AbstractThe Fire and Rescue Service is characterised by a strong culture, reinforced by positive esteem. But the role of the Firefighter in society is changing by design, and as a reaction to changing demand and a need to diversify, beyond that of a traditional model.
This is a qualitative study, which gets to the heart of what it means to be a Firefighter. This provides us with a fascinating insight from the front line of the Fire and Rescue Service during a significant period of change, to consider how this is, or will affect what it means to be a Firefighter.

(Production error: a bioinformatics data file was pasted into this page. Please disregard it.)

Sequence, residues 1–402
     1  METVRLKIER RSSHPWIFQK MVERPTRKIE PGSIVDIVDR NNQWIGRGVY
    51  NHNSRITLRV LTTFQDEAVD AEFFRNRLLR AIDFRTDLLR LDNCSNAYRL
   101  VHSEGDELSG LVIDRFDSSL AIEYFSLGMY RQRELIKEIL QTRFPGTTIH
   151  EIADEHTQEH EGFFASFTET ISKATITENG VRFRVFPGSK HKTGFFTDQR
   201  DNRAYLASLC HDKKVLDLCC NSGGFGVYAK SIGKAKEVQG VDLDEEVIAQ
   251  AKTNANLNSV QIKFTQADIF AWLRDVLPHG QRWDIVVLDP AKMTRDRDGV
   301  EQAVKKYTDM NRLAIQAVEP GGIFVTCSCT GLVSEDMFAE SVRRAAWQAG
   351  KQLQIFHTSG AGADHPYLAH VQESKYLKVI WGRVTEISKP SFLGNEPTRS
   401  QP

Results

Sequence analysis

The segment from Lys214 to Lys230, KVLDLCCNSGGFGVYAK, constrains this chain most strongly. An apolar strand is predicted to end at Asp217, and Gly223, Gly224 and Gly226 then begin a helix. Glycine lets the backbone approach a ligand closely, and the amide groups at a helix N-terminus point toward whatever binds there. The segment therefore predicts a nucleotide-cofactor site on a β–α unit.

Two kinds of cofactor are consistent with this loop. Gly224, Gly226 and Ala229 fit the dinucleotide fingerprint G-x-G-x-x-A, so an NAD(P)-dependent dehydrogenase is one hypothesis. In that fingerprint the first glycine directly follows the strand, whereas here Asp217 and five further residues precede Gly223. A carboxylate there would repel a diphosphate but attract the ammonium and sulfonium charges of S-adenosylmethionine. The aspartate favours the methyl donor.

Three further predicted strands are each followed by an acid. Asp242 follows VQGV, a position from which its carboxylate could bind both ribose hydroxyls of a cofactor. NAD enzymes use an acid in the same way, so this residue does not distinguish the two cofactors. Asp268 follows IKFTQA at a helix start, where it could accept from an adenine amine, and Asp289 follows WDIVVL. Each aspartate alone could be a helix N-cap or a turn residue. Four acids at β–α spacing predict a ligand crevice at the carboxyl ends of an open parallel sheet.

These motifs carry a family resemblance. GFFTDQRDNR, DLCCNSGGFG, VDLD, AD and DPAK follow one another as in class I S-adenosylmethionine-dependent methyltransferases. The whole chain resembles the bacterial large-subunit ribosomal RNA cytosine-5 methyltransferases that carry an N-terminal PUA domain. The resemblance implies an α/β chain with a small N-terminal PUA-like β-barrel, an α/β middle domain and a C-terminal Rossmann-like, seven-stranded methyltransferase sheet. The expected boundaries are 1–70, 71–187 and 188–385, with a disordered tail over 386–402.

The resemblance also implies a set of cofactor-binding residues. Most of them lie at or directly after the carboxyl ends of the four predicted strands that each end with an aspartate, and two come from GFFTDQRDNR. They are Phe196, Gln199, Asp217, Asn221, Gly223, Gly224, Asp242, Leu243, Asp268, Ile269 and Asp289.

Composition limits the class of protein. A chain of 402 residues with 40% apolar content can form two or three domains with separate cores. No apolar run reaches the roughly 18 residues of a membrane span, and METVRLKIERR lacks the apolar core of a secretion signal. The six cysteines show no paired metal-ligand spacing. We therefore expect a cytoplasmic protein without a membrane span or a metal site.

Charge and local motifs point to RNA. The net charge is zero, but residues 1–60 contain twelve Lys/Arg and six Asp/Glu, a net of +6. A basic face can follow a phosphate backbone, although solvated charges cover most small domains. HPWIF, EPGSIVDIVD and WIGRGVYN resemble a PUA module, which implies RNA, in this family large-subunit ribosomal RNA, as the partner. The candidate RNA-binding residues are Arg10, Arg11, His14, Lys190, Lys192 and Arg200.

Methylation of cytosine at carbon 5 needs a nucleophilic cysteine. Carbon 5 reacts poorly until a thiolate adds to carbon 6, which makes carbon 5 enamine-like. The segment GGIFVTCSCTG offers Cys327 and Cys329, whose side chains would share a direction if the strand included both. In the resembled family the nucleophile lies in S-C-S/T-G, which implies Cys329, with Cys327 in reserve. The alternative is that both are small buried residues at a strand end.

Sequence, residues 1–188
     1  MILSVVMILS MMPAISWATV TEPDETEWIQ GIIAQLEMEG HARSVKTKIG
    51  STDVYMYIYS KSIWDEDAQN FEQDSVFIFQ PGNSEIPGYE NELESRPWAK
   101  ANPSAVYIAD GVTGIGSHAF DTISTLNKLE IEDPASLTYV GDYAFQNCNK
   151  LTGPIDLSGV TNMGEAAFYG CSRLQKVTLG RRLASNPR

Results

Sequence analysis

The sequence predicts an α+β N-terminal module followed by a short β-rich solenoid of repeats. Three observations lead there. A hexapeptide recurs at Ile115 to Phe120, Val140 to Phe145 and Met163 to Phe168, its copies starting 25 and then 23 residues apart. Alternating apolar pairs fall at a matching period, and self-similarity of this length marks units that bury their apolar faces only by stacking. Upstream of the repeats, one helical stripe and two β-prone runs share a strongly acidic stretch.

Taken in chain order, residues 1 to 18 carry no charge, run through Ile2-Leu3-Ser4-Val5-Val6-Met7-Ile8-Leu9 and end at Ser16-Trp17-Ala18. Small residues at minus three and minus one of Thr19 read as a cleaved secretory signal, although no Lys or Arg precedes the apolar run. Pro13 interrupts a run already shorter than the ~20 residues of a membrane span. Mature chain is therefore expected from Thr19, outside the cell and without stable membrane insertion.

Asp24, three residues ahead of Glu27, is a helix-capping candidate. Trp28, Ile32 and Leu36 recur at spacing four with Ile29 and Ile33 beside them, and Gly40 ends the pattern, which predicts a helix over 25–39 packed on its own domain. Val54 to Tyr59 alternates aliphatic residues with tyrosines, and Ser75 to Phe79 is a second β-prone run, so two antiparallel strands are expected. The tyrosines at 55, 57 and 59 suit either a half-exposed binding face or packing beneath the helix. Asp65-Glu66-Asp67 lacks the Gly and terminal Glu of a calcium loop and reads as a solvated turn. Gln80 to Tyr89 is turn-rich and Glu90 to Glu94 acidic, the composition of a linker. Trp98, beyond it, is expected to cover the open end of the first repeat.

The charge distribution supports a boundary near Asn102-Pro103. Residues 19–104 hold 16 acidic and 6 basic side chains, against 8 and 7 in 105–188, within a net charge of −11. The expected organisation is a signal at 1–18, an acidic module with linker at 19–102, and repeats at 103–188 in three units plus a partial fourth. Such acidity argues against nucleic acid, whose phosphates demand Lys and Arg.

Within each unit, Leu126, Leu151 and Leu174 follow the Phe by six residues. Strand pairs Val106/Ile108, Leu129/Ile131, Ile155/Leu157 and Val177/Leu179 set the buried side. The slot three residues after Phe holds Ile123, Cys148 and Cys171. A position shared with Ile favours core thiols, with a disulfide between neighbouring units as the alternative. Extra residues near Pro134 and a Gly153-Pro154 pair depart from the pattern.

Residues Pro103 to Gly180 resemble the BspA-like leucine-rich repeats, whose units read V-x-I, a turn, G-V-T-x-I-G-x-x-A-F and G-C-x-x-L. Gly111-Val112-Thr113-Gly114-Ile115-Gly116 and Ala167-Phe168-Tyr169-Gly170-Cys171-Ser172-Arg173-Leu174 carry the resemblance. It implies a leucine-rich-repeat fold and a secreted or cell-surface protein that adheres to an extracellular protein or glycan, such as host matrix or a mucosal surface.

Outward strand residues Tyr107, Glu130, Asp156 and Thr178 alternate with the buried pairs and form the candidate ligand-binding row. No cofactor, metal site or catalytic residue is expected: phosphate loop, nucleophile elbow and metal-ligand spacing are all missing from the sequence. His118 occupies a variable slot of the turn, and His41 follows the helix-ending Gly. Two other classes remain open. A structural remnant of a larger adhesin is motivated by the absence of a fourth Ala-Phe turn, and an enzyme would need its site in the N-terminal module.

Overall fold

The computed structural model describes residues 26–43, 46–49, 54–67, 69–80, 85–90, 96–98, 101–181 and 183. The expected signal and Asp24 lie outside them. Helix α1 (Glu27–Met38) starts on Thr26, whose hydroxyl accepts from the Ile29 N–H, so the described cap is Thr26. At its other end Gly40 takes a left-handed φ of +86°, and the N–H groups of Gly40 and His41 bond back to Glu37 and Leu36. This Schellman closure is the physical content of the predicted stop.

By focussing on identity during this period of flux, this study considers how Firefighters renegotiate self-images and work orientations in response to their changing environment. This raises the importance of how Firefighter values and identity influence organisational perspectives regarding strategic direction, mission determination, visioning, and ultimately performance outcomes within a County Council Fire and Rescue Service.
The present study offers a privileged personal account, which is uniquely viewed through an insider’s appreciation, providing a rare and fascinating insight into their worlds. This provides us the opportunity to look behind the scenes into what it means to be a Firefighter, making it unusual and interesting compared to other organisational studies in this area.
|Date of Award||Oct 2018|
|Supervisor||Peter Lawrence (Supervisor) & Sandy MacDonald (Supervisor)|